Anticoagulation—Warfarin is recommended for every person with TIA if atrial fibrillation (paroxysmal or permanent) or other cardiac source of emboli is identified, unless contraindicated.7 Brain imaging must be done first to exclude haemorrhage or other pathology. The potential risks and benefits of anticoagulation therapy should be discussed with the person and where appropriate their family/whānau, and this discussion and its outcome should be documented. A target INR of 2.5 (range 2–3) is recommended.
Blood pressure-lowering treatments—All people with TIA, either normotensive or hypertensive, should receive blood pressure-lowering therapy, unless contraindicated by symptomatic hypotension.3,7,17 Treatment should be initiated at first contact but BP should not be lowered rapidly.
More than one drug is frequently required to lower BP to optimum levels and an ACE-inhibitor with a thiazide diuretic is an appropriate combination. The absolute target BP level is uncertain and should be individualised, but benefit has been associated with an average reduction of about 10/5 mmHg, and normal BP levels have been defined as <120/80 mmHg.17
Individual blood pressure targets should take into account the number and dose of medications as well as comorbidities and frailty, especially in older people.
Cholesterol-lowering treatment: Therapy with a statin is recommended for all people after TIA.7 At the time of writing, PHARMAC funds simvastatin as initial statin therapy in NZ. The recommended starting dose is 40 mg, although a lower dose (20 mg and titrate up) may be more appropriate in older people or those with frailty. PHARMAC special authority approval is required for more intensive therapy with atorvastatin 80 mg daily. Benefit occurs even in those with normal baseline cholesterol. The LDL cholesterol (optimal level <2.5 mmol/L) should be used to monitor therapy.
Carotid surgery—People with TIA who have at least 50% symptomatic carotid stenosis should be assessed and if a surgical candidate, be referred for carotid endarterectomy (CEA) within 1 week (one day if high risk), and receive treatment within a maximum of 2 weeks of onset of symptoms.7
The benefit from CEA is highly dependent on time since the presenting symptom and the degree of stenosis. The absolute risk reduction from CEA is reduced by half if surgery is delayed beyond 2 weeks and further reduced by half if it is delayed beyond 4 weeks.26 The benefit of CEA is substantial for people with 70–99% stenosis of the symptomatic internal carotid artery with NNT of 6 to prevent one ipsilateral stroke, or any stroke or surgical death.26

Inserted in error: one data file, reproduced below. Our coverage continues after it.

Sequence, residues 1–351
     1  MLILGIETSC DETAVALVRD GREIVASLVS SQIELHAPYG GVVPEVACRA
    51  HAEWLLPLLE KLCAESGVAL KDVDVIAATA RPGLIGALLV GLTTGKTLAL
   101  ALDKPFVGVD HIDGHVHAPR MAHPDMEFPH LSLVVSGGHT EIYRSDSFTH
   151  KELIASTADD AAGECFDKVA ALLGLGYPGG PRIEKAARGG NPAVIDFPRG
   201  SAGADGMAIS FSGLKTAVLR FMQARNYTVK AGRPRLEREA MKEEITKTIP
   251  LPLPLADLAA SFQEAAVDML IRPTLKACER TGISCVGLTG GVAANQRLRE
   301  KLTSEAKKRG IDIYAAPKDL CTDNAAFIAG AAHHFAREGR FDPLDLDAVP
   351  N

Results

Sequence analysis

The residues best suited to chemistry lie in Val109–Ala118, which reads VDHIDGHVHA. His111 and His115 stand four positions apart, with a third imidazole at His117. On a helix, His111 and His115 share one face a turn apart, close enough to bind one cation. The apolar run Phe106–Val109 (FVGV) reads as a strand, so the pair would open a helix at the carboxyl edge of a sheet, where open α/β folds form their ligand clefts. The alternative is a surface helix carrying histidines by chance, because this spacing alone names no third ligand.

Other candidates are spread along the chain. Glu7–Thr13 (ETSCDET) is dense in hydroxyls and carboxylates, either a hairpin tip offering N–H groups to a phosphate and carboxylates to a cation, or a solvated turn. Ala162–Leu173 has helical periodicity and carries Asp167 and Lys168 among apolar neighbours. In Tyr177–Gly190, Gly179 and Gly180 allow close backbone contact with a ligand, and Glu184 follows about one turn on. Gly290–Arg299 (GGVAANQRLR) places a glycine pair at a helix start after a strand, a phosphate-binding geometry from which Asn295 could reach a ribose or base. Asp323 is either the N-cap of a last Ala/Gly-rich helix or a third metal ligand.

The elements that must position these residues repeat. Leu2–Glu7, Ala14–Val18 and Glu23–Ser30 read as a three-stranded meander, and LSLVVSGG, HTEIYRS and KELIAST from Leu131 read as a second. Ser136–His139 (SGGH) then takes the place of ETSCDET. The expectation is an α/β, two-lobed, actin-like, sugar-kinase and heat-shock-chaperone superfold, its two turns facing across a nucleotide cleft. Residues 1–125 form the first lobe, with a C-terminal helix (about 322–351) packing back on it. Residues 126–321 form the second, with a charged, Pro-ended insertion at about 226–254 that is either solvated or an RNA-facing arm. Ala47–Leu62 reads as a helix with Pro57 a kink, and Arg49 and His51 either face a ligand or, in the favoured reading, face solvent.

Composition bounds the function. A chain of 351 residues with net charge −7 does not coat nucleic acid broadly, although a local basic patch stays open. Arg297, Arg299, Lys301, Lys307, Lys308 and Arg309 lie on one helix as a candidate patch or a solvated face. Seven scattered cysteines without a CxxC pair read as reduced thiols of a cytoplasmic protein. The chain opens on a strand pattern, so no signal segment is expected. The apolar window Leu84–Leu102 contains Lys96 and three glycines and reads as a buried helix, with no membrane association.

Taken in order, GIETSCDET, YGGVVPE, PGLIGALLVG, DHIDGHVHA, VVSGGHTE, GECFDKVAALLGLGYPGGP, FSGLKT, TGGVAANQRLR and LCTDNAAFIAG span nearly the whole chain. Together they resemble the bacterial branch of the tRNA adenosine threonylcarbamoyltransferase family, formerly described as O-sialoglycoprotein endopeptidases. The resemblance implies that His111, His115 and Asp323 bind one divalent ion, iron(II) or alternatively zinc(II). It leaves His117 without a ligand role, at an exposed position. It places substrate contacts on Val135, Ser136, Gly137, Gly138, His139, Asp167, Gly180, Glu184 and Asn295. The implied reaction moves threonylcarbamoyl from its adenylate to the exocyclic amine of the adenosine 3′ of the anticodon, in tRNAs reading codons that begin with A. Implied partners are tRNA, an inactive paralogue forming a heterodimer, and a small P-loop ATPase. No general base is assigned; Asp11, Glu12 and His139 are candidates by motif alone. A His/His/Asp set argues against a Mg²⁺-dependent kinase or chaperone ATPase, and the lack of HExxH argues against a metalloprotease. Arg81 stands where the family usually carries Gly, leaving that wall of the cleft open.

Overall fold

The benefit from CEA is much lower in patients with 50–69% stenosis; NNT 24 to prevent one ipislateral ischaemic stroke, or 14 to prevent one stroke of any origin, including surgical death.26
All people with TIA should have their driving status assessed and be advised about the impact of their TIA on their ability to drive; this advice should be documented (Table 8). Heath practitioners should refer to the Land Transport NZ document Medical Aspects of Fitness to Drive for full advice regarding driving after a TIA, which is also available online.27
Table 8: Summary of recommendations for driving after TIA27
People with recent TIA are at risk of stroke and other cardiovascular events, and those identified as at high risk should be managed as a medical emergency. Urgent specialist assessment and rapid initiation of secondary prevention measures can prevent strokes. Begin Early Aggressive Treatment to BEAT TIA. Based on a generally accepted figure of $50,000 per new stroke in direct health costs funded by District Health Boards (DHBs), a relatively low number of strokes need to be prevented after TIA to justify intensification of services for people with TIA. The full guideline and user guides are freely available at www.stroke.org.nz
Declaration: The authors wrote the NZ TIA Guideline on behalf of the Stroke Foundation of New Zealand under contract to the Ministry of Health, and currently act as honorary medical advisors for the Stroke Foundation (JG Central, PAB Northern, and JF National).
Author information: John Gommans, General Physician and Geriatrician, Hawke’s Bay District Health Board, Hastings; P Alan Barber, Neurological Foundation Professor of Clinical Neurology, University of Auckland, and Stroke Neurologist, Auckland District Health Board, Auckland; John Fink, Stroke Neurologist, Canterbury District Health Board, Christchurch
Acknowledgements: We are grateful to the writers, consumers, and commentators for their generous voluntary contribution of time and expertise in the preparation of the TIA guideline.
Correspondence: Dr John Gommans, Hawke’s Bay Hospital, Private Bag 9014, Hastings, New Zealand. Phone: 06 8781332. Fax: 06 8781319. Email: email@example.com